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Physical and mental abuse


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28 replies to this topic

#1 Pamela Moberg

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Posted 14 March 2012 - 03:45 PM

There is something rotten in the state school in Gothenburg. This story has even made the headlines and the TV news. There is a national ballet school here, you have to audition to go there. I have some inside knowledge because DD went there (she was injured, gave up ballet and is now an attorney). It is a vocational school, DD always said that the discipline was very strict, classes every day including Sat. morning. That was a few years ago and I have no personal insight since then.
However, there have been reports in the papers and on TV that ballet teachers abuse pupils verbally and mentally, punching in the stomach, hitting them on the head - one pupil was thrown out of ballet class for having yawned.
One irate parent wrote a letter of complaint, called it worse than North Corea. The Board of School Inspectors have been called in and found that pupils indeed had been ill treated in a number of ways. The headmaster said that they try to work in a democratic manner, the ballet teachers defended themselves with that pupils must be toughened to be able to stand up to life as professional dancers. A real storm has broken, but the real sad thing is that the general public reads the papers and will say: Well, now at last we know, ballet is unhealthy and a despicable form of entertainment.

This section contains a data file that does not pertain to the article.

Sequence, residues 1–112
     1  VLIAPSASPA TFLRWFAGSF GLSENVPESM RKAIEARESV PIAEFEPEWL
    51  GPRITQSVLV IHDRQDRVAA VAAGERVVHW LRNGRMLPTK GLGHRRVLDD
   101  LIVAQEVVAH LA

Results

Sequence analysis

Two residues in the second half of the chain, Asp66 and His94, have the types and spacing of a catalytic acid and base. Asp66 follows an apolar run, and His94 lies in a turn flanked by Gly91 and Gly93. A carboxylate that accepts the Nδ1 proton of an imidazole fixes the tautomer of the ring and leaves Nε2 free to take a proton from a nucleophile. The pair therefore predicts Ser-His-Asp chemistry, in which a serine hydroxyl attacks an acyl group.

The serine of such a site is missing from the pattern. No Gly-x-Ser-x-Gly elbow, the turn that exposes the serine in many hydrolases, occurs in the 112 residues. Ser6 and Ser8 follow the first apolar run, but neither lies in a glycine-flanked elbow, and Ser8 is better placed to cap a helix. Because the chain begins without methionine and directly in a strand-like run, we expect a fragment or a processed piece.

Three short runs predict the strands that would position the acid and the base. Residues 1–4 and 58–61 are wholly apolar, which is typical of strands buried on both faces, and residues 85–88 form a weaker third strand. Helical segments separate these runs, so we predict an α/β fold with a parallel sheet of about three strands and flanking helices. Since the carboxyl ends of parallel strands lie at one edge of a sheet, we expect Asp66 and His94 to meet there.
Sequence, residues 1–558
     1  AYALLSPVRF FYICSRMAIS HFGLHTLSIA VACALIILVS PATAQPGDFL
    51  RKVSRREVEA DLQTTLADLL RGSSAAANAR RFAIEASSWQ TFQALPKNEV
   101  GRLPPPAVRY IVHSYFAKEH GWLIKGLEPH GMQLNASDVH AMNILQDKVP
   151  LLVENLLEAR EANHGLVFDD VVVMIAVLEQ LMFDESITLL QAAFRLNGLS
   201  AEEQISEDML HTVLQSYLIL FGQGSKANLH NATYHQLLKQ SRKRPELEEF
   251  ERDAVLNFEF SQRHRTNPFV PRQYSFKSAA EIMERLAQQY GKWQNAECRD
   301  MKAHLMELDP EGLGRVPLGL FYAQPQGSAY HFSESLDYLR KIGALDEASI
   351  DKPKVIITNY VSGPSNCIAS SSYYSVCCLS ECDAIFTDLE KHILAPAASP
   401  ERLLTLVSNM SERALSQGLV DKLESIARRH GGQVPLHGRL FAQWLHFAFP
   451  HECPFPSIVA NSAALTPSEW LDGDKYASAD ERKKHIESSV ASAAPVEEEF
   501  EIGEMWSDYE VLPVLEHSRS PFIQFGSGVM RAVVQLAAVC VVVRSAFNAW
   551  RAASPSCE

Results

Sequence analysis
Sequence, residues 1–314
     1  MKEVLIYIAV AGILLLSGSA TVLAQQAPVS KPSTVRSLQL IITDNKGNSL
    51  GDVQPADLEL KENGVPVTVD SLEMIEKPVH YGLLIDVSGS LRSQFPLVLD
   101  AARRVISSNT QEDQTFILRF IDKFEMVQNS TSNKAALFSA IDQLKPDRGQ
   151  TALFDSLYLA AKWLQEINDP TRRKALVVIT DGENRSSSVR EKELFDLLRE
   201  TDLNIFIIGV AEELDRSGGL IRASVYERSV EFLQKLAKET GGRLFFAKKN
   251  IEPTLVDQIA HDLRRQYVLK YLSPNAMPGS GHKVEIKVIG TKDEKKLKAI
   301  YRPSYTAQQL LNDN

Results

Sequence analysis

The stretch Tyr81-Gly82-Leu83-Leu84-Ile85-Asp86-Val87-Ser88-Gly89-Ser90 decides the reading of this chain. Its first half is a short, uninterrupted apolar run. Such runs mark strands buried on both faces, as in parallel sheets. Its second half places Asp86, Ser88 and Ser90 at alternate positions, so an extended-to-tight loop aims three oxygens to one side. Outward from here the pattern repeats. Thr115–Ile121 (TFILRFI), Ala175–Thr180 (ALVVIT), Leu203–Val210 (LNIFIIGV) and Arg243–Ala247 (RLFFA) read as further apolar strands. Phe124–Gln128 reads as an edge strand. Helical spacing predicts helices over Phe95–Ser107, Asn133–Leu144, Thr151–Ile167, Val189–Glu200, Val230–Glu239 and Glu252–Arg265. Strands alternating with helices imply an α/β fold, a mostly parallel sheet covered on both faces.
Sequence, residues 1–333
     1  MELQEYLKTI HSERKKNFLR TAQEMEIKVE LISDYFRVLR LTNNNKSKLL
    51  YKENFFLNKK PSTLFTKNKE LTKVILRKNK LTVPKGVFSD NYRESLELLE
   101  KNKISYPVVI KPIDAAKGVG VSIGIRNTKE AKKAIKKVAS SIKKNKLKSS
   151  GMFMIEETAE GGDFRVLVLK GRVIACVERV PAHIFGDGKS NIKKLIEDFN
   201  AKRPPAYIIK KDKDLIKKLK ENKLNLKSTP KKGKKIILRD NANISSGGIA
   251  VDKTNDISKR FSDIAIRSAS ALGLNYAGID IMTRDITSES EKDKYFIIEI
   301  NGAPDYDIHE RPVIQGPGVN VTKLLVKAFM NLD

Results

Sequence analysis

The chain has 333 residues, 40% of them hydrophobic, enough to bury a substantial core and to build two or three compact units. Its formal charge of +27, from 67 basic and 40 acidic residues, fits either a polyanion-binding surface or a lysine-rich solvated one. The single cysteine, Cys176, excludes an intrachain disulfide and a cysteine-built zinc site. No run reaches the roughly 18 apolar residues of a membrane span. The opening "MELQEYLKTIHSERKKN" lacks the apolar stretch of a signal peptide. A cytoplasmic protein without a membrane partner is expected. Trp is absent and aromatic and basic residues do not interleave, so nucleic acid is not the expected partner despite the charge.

I will follow this debate with great interest.

Yet, only about half a year ago, there was another debate in the newspapers, this time in Stockholm papers. Well, it was to the effect that of all the pupils examined from the national ballet school, hardly anyone gets a job with the established companies in Sweden. Because they are not good enough! In stead foreign dancers are employed. True, check the lists of artists of the Stockholm Opera House and the Gothenburg Opera House, you will find very few dancers with Swedish names.

Must say that I fear greatly for the future of Swedish ballet.

#2 diane

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Posted 15 March 2012 - 04:30 AM

That is very sad and troubling.
I have not heard any official reports of abuse in the state schools here, though I have heard from students who were there (one DD, among others) that some less-than-desireable things happen. (I am pretty sure this is the case everywhere; we just usually do not hear about it. It is very individual, I think.)

As to the employment situation:
How many companies are there in Sweden which hire full-time dancers, do you know?
Is it "easy" for the companies to procure work-visas for the foreign dancers?
Did any of the dancers from other countries finish their training in Sweden?

It is not that much different here in Germany, either, as far as I can tell, as far as the hiring of dancers goes. Most dancers in the companies are not from Germany originally, though many did finish their training here at one of the state-schools.



-d-

#3 Helene

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Posted 15 March 2012 - 08:44 AM

EU employment laws make it easy to hire from almost everywhere in Europe, apart from Norway, Albania, and countries that were once Yugoslavia.

#4 Pamela Moberg

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Posted 18 March 2012 - 03:43 PM

There are four professional companies in Sweden: Stockholm Opera Ballet, Gothenburg Opera Ballet, Malmö Ballet och The Cullberg Ballet. Then there are some free groups, not attached to a theater. Stockholm does the classics, the other companies are mostly modern.